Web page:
Twitter May Lay Off 50% of Employees and Shut Down Remote Working

Those lucky enough to escape the chopping block will be forced back into the office full-time.
Isobel O'Sullivan

After holding his new title as CEO, or self-proclaimed ‘chief Twit', for less than a week, company insiders reveal that Elon Musk is planning to lay off approximately 3,700 workers — equating to roughly half of the company's current workforce.

If trimming the company down by half wasn't bold enough, Axios has recently reported that remaining workers will be forced to work from the office full-time, with out-of-towners only being given 60 days to relocate.

Elon Musk has never been a stranger to controversy. But his complete overhaul of the social media platform, which includes other striking actions like commodifying the blue tick and segmenting the site into user-rated sections, is already proving to be a step too far for some users. Here's what we know about Twitter's supposed layoffs so far.

Musk is Reportedly Axing 50% of Twitter Staff

Ever since Musk's acquisition of Twitter began back in April, the rumor mill has been churning with speculations of layoffs within the company. While accounts that almost 75% of the workforce will face the chopping block appear to be unfounded, a new report from Bloomberg has revealed that around 3,700 jobs could be lost, effective this Friday.

The Bloomberg report, which relies on insights from anonymous insiders, explained that Musk and his team of advisors were keen to carry off layoffs last week, but are still yet to reach a definitive verdict. It also cites financial pressure as the primary reason for considering such drastic cuts to personnel.

In true Muskian style, even the decision-making process behind the firings seems to be controversial. According to a report by Verge, the new owner of Twitter asked engineers to physically print out their recent code contributions from the last 30 to 60 days, before bringing the documents to Musk and Tesla engineers in person to be reviewed.

The report also hinted at a culture of fear, reminiscent of other big companies like Google, growing inside the company, with engineers in the company being glued to a Twitter account that tracks the location of Musk's private jet.

But Twitter engineers aren't the only workers to face an exodus. Within his first week in office, the CEO and world's richest man was fast to make some pretty high-profile firings. These include — but aren't excluded to — the termination of Twitter's former CEO, Parag Agrawal, its former CRO, Neg Segal, and its former legal policy executive, Vijaya Gadde.

With Twitter's top decision-makers being let go from the company, Musk has close to full autonomy over the social media platform's future. And one move that's high up on the CEO's agenda is ordering for a full return to the office.

Remaining Workers Will Be Forced to Work From the Office

Back in 2020, Twitter was one of the first major tech companies to allow employees to work from home permanently. At the time, the move was pretty radical and prompted a range of copycats within the industry. Skip to 2022, and Musk is looking to reverse this policy completely by ordering all of Twitter's workforce to return to the office full-time.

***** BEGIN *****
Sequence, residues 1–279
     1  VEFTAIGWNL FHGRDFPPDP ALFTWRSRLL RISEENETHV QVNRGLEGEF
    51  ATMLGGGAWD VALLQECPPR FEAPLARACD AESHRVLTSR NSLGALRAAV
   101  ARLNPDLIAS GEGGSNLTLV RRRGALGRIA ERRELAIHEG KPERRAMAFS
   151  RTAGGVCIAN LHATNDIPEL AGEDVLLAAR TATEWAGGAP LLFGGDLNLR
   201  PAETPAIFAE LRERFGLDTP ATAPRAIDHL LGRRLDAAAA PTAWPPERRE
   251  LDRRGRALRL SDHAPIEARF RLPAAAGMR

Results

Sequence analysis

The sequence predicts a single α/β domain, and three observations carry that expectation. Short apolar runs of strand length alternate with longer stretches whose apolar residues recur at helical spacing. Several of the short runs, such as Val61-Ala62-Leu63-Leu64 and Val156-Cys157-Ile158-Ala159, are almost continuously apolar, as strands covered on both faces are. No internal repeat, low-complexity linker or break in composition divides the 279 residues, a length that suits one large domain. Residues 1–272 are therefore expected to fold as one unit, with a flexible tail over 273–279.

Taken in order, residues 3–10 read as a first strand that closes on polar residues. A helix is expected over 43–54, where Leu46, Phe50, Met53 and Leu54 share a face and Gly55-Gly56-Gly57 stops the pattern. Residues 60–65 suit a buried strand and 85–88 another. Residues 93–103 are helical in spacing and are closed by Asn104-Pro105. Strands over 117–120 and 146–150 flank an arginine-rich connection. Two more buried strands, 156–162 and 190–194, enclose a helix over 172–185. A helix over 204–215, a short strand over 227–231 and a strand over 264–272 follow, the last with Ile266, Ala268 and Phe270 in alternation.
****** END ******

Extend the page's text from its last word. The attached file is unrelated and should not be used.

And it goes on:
According to recent reporting from Axios, if workers have left the notoriously expensive Silicon Valley area as a result of Twitter's remote policy, they will be required to relocate closer to Twitter's San Francisco office in under 60 days.

As most major U.S. companies continue to embrace flexible working, Musk's U-turn seems to go against the tide. However, those that follow the billionaire closely will already know that he's no fan of remote work. For instance, in May, the CEO issued an ultimatum to his executive staff at Tesla, telling them if they don't show up to the office full-time, “we will assume you have resigned”.

Musk's Twitter: Free Speech Haven or Hellscape

Aside from his overhaul of Twitter's personnel, Musk is also considering a number of key changes which, if executed, will drastically transform the experience of its users.

One of these considerations is the introduction of paid verification privilege for its users. The CEO first flirted with the idea of charging for the service, which is currently used to authenticate important or credible figures, in a Tweet earlier this week.

Branding the paid-for verification as a democratization action that will bring ‘power to the people', the move has already sparked widespread backlash from notable Twitter users like author Stephen King, who threatens to leave the platform if the service is rolled out.

Musk has also hinted that he might split the social media site into streams so users can choose which type of content they have access to, and a ‘player-versus-player mode' might be introduced, which would let verified users host Twitter spats in real-time.

While few of these changes have been confirmed, it's clear that Musk isn't afraid of transforming the social media site from the ground up. But with the company being heavily dependent on advertiser backing to recover financial damages, it's uncertain whether these controversial moves will be viable in the long run.

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Isobel is a writer at Tech.co with a wealth of experience covering business and technology news. Since specializing in Digital Anthropology at University College London (UCL), she’s been a regular contributor to Market Finance’s blog and has also spent time working as a freelance tech researcher. As a writer, Isobel takes a particular interest in issues regarding data security, social media, and emerging business technology.

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